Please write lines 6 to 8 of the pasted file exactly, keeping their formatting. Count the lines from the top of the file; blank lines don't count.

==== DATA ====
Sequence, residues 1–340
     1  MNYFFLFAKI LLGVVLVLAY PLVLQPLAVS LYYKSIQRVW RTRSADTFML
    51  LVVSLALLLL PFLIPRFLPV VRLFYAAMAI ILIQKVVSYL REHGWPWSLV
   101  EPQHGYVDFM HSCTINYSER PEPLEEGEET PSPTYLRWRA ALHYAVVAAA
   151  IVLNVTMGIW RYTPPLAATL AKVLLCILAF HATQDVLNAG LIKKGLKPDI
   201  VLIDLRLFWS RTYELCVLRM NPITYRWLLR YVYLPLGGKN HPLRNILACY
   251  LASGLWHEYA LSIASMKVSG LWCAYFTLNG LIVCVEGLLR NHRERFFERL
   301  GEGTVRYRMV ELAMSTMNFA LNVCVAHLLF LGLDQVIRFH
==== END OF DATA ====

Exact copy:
   201  VLIDLRLFWS RTYELCVLRM NPITYRWLLR YVYLPLGGKN HPLRNILACY
   251  LASGLWHEYA LSIASMKVSG LWCAYFTLNG LIVCVEGLLR NHRERFFERL
   301  GEGTVRYRMV ELAMSTMNFA LNVCVAHLLF LGLDQVIRFH